IKEA to boost effectiveness of its global IKEA Family loyalty programme
Despite admitting it runs a relatively unsophisticated loyalty programme, IKEA has many millions of loyal members who enjoy the benefits of its IKEA Family members¬í programme, and this is likely to grow as the company is now focusing on improving the way it operates the scheme. By Glynn Davis
Ahead of presenting at the 3rd Retail Bulletin Customer Loyalty Conference 2012 in London on June 13th, Magnus Holst, global communications manager for IKEA Family at home furnishings giant IKEA, describes how such a programme works within this massive global business.
In contrast to many retailers, which he says have good customer management capabilities, Holst suggests IKEA is “a mass production- and mass communication driven company that does not have in its genes the consideration of individual customers or segmenting them or even being able of listening to them”.
“I’d say IKEA Family is quite unsophisticated, in general. It’s been hard to scope-down customer management that’s possible across 130,000 global employees. It needs to be basic and workable,” says Holst, adding that the likes of Tesco have the advantage of its customers visiting its stores every week compared with maybe three or four times per year for IKEA.
He acknowledges that IKEA could give members of its IKEA Family club “a bit more of IKEA and make the interaction richer” but despite this Holst says many of its 52 million members are very loyal customers who like the programme.
The majority, probably two-thirds according to Holst, join because of the better prices they can enjoy on certain products. On a global level he says IKEA Family members can buy the 100 IKEA Family-specific products (that are not core home furnishings and include travel goods such as bags and products for a safer life at home).
And at the country level there will also typically be at least 20 products in the IKEA stores that will be available to members at discounted prices. In addition, offers are also made available from third-parties such as utility providers.
Although plans are afoot for adapting IKEA Family Holst says “we are not going to change it radically”. One change will involve ensuring that the benefits from third-party providers are more in-line with “what life at home is about” and that IKEA adhere to its philosophy on sustainability and responsible manufacturing.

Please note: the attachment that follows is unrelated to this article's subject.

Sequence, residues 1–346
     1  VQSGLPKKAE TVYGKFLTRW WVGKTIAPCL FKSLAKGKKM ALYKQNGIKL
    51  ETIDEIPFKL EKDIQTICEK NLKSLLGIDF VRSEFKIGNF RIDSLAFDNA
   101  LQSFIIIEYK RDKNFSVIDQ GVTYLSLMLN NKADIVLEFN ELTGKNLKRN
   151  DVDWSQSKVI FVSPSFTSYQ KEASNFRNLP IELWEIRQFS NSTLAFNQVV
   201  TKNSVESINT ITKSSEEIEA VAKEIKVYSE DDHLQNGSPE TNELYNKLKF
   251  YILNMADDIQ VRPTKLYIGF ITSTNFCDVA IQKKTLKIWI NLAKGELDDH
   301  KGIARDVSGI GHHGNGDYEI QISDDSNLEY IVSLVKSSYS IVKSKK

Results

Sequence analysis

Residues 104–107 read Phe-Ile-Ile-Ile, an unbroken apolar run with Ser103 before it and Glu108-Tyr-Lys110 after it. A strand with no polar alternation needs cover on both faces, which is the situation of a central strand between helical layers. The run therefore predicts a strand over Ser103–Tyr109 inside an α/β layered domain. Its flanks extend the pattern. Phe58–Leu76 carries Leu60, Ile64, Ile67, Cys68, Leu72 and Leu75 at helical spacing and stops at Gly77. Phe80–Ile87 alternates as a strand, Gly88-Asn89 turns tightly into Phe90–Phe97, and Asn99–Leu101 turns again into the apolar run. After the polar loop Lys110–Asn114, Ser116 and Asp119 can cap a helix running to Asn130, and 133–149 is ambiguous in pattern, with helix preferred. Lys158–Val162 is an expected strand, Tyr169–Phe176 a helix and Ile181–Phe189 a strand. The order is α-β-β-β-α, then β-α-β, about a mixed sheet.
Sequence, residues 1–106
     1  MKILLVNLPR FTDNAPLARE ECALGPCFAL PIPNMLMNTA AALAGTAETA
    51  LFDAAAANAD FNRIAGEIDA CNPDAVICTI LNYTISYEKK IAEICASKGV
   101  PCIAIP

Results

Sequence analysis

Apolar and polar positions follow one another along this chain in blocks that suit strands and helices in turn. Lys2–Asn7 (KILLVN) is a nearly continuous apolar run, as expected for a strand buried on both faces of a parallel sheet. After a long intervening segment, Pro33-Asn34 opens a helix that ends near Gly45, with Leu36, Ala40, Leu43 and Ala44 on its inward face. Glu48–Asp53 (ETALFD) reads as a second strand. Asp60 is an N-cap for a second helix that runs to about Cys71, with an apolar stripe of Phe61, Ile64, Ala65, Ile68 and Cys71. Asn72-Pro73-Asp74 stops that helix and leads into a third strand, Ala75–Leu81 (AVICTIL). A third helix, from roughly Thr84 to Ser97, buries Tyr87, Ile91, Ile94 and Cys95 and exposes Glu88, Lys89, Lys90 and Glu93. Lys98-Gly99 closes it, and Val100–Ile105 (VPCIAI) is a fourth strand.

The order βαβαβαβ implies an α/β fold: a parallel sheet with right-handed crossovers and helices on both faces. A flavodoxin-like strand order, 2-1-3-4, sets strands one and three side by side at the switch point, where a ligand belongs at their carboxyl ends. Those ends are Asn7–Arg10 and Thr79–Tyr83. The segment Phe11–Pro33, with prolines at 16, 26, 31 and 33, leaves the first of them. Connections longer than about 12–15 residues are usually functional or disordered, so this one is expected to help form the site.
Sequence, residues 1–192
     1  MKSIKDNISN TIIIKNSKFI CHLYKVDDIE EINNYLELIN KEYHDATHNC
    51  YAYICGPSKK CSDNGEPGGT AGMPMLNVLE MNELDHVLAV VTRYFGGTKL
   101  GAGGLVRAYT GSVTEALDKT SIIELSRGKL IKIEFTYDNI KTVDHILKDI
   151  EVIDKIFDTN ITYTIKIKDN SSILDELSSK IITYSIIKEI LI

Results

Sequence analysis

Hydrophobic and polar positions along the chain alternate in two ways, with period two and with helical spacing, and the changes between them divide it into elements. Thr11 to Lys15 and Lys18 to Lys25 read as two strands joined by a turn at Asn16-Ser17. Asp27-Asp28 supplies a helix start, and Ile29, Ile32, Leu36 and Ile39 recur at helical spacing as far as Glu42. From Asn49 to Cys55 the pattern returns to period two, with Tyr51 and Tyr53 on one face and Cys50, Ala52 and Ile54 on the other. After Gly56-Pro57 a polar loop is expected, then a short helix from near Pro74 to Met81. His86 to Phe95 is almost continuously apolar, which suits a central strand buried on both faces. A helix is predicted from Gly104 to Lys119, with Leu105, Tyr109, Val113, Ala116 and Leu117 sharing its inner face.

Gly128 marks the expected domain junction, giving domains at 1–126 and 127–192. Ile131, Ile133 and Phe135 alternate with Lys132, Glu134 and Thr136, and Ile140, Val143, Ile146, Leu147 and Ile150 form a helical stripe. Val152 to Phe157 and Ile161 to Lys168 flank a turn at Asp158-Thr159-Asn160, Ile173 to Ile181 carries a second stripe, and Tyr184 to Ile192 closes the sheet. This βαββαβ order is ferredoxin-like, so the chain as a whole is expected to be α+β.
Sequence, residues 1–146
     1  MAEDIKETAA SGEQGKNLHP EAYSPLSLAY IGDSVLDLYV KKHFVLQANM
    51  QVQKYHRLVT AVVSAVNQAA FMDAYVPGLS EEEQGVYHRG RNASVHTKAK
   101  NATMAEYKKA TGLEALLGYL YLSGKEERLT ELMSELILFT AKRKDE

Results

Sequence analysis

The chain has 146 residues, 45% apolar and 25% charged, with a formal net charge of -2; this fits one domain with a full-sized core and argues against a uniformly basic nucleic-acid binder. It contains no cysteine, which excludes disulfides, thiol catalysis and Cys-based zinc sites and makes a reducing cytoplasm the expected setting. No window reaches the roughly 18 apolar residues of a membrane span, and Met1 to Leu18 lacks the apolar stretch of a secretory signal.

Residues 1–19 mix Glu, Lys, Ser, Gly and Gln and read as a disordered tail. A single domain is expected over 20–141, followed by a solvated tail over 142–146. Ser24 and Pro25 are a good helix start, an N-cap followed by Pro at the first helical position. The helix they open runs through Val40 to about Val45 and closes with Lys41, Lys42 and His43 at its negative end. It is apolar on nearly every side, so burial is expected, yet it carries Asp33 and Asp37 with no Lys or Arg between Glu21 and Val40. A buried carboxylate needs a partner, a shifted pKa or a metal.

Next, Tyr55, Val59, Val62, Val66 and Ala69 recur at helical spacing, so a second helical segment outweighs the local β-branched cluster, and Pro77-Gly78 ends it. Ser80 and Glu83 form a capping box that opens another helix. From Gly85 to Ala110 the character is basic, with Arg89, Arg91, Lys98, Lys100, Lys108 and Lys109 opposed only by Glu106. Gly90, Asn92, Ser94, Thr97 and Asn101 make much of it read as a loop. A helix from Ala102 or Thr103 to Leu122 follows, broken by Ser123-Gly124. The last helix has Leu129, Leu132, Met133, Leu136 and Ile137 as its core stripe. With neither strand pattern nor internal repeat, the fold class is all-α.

There is also the intention to change the visual identity of IKEA Family from orange to the corporate mix of yellow and blue. “All countries should present more of a unified front. At the moment the [IKEA Family] benefits are described differently in each country and we want to change this, but without them all sounding too generic,” he explains.
However, the biggest shift will involve the analysis of the data that the IKEA Family cards create when they are swiped at the till. “We need to get more efficient with our communications and target offers at specific groups. A campaign should be filtered for certain people and there should also be communications that are triggered by the actions of people,” says Holst.
He cites the example of a member buying a wardrobe, who could then be targeted with complementary products, or an online shopper visiting wardrobes on the IKEA website, who could then be sent a wardrobe-creation planner.
“It’s a big shift for us and needs to be done at a reasonable level of sophistication. We should react with automated processes that help customers buy. We just need to identify the biggest initial wins,” he suggests.
To develop such capabilities Holst says each country will need to have partners – who could be CRM agencies or operational database suppliers that have good skills in database analysis and operation.
By increasing the effectiveness of the communications that are delivered to IKEA Family members, as well as improving the richness of some of the benefits on offer, Holst says the company is hopeful that it will see an increase in the number of active customers within its millions of members around the world.
“Fifty per cent have not swiped their cards in the past year – although some might still have been shopping in IKEA –and we need to develop routines to attract them back. Maybe we need to identify them beyond the cards – which most likely would be via mobile phones,” he suggests.
The event is sponsored by the Logic Group. To register and view the full programme, click here.
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